EXAMPLE 30

The silica colloid dispersion prepared in Example 29 and having a pH value of 4.8 and oxyzirconium chloride added thereto at the rate of 0.002 g per g of silica colloid were stirred. The silica colloid particles in the solution were positively charged, with oxyzirconium bound to part of the surface thereof.

Ten (10) ml of this silica colloid dispersion and 2 g of montmorillonite powder added thereto were stirred. The resultant mixture was left standing in a drier at 50 C. for 16 hours to be dried. The physical constants of the product are shown in the Table.

EXAMPLE 31

The silica colloid dispersion prepared in Example 29 and having a pH value of 4.8 and aluminum chloride added thereto at the rate of 0.002 g per g of silica colloid were stirred. The silica colloid particles in the solution were positively charged, with aluminum bound to part of the surface thereof.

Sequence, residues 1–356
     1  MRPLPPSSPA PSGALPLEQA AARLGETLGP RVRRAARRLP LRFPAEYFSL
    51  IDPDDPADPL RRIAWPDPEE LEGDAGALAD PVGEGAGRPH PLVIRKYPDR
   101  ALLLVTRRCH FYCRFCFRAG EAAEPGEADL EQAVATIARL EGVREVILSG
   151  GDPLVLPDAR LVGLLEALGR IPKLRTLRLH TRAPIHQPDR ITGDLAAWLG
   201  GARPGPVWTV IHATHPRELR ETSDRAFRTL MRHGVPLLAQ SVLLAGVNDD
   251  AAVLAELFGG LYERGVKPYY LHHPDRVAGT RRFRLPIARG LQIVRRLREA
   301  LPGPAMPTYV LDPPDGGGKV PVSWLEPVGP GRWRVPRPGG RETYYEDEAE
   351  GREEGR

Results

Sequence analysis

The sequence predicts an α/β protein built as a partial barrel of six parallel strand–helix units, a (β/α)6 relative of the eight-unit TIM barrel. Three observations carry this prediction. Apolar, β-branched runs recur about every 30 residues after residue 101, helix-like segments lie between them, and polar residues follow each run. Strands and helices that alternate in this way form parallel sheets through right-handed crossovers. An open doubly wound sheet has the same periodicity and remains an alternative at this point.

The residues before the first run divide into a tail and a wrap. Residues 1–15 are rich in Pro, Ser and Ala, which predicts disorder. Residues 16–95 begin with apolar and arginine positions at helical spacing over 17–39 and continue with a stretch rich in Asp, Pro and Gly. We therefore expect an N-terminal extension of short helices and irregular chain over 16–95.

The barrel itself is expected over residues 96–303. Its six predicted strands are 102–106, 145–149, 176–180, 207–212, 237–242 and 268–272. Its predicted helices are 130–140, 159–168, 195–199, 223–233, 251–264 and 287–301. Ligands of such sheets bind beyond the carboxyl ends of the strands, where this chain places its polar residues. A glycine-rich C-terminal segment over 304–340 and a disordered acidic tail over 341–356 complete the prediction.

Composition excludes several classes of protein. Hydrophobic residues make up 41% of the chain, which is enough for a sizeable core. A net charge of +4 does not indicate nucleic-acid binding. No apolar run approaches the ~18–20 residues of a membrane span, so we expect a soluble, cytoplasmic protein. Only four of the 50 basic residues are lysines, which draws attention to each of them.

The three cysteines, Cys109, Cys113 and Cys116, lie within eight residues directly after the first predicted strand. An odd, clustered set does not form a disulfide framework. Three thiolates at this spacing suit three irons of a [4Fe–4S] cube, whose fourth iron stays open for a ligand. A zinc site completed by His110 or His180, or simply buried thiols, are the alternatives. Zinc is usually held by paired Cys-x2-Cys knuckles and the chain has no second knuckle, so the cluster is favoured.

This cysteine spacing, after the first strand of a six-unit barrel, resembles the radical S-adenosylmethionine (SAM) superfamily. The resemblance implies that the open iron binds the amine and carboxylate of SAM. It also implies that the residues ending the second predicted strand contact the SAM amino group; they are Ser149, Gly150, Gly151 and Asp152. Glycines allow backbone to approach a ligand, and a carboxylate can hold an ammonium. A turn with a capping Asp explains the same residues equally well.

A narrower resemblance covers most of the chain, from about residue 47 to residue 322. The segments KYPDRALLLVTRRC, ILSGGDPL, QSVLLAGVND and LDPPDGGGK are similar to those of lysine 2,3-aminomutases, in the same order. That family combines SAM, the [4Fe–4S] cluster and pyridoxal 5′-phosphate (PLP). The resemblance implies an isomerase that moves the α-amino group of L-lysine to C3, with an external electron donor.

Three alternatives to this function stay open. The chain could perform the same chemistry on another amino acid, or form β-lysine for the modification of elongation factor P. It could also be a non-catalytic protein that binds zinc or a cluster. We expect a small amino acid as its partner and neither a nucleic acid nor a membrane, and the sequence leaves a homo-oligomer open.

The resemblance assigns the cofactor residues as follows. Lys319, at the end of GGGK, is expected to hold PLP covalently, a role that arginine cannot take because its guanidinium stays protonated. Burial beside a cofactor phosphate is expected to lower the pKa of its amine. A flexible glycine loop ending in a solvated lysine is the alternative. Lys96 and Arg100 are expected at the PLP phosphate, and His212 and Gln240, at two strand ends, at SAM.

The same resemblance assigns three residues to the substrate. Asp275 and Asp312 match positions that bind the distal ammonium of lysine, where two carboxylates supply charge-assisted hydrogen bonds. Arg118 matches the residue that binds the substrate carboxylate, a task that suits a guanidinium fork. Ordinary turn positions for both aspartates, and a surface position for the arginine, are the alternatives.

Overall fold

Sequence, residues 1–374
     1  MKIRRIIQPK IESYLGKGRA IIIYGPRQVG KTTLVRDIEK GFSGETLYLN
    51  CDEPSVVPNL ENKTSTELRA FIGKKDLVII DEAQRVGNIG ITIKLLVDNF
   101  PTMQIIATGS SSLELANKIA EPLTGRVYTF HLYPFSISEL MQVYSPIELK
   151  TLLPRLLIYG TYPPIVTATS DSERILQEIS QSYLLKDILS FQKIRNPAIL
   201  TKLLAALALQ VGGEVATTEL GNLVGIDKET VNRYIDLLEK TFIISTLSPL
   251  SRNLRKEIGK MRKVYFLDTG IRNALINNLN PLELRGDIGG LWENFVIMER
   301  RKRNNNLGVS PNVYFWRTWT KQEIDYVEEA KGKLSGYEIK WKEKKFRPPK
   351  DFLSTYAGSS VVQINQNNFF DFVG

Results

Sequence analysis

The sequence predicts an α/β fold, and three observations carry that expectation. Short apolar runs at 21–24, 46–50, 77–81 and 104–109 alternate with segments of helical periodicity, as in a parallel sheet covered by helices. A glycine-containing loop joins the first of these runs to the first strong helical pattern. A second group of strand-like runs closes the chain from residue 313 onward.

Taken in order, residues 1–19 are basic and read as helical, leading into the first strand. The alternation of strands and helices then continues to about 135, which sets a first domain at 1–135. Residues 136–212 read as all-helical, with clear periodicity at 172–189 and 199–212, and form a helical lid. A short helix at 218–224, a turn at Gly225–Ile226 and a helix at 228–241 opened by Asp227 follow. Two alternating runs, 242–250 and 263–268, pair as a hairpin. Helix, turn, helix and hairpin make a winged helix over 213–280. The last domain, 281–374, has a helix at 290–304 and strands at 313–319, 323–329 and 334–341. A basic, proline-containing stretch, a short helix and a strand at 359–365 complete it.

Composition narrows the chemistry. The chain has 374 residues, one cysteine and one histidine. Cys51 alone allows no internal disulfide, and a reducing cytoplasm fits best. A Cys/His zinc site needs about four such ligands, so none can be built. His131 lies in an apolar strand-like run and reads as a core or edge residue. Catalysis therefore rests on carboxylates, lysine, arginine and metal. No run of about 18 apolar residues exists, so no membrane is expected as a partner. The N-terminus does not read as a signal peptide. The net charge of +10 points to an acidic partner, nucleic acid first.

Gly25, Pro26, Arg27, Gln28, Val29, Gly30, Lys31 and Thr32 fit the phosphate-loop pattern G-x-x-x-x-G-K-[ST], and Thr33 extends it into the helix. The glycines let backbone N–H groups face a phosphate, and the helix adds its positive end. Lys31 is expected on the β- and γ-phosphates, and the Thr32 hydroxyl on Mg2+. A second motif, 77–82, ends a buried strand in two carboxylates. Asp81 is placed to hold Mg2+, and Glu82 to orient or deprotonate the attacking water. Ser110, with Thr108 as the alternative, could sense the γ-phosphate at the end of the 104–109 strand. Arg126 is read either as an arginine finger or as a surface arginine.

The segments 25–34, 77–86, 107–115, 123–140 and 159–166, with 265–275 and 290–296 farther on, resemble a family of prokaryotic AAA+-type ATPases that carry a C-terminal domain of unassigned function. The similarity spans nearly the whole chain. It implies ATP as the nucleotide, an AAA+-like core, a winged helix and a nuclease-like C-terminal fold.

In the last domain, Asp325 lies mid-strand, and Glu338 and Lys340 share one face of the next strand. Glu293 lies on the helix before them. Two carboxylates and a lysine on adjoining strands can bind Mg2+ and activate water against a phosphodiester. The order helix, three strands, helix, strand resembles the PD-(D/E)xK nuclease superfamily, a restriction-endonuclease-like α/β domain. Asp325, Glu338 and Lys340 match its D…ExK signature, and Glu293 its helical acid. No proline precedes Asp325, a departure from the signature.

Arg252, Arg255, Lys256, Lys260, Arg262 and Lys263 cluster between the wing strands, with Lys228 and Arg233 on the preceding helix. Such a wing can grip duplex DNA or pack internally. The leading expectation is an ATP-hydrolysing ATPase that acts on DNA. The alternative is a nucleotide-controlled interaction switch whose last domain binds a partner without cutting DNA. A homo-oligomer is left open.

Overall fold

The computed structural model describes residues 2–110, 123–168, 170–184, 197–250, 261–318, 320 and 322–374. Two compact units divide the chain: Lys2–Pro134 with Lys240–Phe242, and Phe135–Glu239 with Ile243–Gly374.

Ten (10) ml of this silica colloid dispersion and 2 g of montmorillonite powder added thereto were stirred. The resultant mixture was left standing in a drier at 50 C. for 16 hours to be dried. The physical constants of the product are shown in the Table.

EXAMPLE 32

The silica colloid dispersion prepared in Example 29 and having a pH value of 4.8 and cobalt chloride added thereto at the rate of 0.03 g per g of silica colloid were stirred. The silica colloid particles in the resultant solution were positively charged, with cobalt bound to part of the surface thereof.

Ten (10) ml of the silica colloid dispersion and 2 g of montmorillonite powder added thereof were stirred. The resultant mixture was left standing in a drier at 50 C. for 16 hours to be dried. The physical constants of the product are shown in the Table.

EXAMPLE 33

The silica colloid dispersion prepared in Example 29 and having a pH value of 4.8 and titanium chloride added thereto at the rate of 0.01 g per g of silica colloid were stirred. The silica colloid particles in the resultant solution were positively charged, with titanium bound to part of the surface thereof.